Current interest has centered around the role of glucose metabolism in shock and trauma. The present study was undertaken to determine the relationships of arterial blood glucose levels to hemodynamics, acid base parameters, and survival in dogs administered an LD 70 E. coli endotoxin. Experiments were carried out on anesthetized adult dogs which were free of intestinal parasites as well as heart worms and which were fasted overnight. Mean systemic arterial pressure, heart rate, arterial pH, pCO 2, pO 2, hematocrit level, and rectum temperature were monitored during a 5 hr postendotoxin period. Hematocrit values were maintained constant with 6% dextran, and all surviving dogs were observed for 30 hr. 8 of 11 dogs given 1 mg per kg of endotoxin alone died in a mean time of 13 hr with marked hypoglycemia, while 3 dogs which maintained their glucose levels survived. 9 additional dogs administered endotoxin were infused intravenously with 50% dextrose at rates sufficient to maintain blood glucose levels at control values, and all of these dogs survived. Arterial blood pressure changes were similar in both groups, while heart rate, rectal temperature, and pH were elevated within 5 hr in dogs receiving glucose. A second series of dogs was studied in which treatment was begun only when the dogs became severly hypoglycemic after 1.0 to 1.5 mg per kg of endotoxin. 5 dogs in this group were infused with glucose for up to 7 hr postendotoxin and all survived. 10 dogs not receiving glucose died after hypoglycemic levels were reached. These results document progressively developing hypoglycemia in canine endotoxin shock. A positive correlation is shown to exist between endogenously maintained blood glucose levels and survival time. Exogenously administered glucose which maintains blood glucose levels constant in dogs after endotoxin improves certain cardiovascular and metabolic parameters and prevents death.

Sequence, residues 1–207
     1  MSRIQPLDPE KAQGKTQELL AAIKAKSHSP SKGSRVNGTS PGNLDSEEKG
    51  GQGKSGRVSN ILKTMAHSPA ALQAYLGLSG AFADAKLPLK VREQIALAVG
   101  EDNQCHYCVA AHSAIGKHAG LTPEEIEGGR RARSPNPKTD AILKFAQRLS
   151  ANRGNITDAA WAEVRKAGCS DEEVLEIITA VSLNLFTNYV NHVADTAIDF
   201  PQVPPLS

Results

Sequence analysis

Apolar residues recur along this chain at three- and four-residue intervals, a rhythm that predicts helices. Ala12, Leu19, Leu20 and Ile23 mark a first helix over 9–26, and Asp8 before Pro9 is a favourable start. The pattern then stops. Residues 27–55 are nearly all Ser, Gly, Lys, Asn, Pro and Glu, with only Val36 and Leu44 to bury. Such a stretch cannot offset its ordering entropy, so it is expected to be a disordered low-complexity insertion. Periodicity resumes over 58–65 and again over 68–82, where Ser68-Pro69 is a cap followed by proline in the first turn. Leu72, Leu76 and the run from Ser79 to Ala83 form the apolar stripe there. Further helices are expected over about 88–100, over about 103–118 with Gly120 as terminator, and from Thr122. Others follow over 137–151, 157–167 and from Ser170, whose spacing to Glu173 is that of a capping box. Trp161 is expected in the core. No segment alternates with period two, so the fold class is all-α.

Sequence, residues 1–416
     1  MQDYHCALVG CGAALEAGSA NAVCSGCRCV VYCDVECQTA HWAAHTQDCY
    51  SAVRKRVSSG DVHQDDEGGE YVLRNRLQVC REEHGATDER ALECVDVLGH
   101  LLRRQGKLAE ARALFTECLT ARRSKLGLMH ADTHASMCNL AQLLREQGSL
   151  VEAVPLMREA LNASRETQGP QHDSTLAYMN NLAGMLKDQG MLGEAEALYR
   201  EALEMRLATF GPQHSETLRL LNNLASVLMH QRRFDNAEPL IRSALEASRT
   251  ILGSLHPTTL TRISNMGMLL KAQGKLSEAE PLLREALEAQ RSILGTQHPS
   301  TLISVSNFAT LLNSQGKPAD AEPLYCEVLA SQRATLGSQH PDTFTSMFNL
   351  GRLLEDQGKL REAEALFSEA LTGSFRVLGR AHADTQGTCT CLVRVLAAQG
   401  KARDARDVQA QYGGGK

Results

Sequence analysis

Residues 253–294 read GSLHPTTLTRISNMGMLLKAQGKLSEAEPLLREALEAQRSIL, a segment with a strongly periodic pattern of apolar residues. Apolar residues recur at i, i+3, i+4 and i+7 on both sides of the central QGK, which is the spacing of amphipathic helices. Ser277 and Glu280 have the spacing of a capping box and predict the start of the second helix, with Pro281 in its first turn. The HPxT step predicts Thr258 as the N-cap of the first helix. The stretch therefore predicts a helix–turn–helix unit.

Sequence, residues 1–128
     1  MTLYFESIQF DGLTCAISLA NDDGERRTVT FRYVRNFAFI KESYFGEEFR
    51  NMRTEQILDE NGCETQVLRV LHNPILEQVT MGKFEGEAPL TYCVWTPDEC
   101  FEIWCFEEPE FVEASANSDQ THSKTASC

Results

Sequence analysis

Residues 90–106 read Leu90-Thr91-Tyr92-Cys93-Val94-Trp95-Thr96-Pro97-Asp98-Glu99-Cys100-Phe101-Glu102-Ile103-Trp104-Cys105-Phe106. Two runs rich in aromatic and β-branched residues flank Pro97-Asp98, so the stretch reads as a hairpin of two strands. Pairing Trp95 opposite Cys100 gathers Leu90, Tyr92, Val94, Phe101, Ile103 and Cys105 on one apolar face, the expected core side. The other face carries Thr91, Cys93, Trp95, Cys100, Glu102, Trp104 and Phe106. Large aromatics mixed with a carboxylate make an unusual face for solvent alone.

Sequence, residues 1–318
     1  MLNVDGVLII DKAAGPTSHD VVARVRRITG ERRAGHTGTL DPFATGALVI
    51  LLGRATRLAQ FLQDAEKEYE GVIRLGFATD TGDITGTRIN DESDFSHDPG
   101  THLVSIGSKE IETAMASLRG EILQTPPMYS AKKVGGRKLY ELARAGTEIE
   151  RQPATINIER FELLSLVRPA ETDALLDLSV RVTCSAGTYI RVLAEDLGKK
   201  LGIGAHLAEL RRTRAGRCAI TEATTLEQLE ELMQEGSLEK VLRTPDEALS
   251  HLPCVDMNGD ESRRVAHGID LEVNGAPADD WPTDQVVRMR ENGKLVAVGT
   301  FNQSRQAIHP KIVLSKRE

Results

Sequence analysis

|Original language||English (US)|
|Number of pages||9|
|Journal||Surgery Gynecology and Obstetrics|
|State||Published - Dec 1 1974|
ASJC Scopus subject areas
- Obstetrics and Gynecology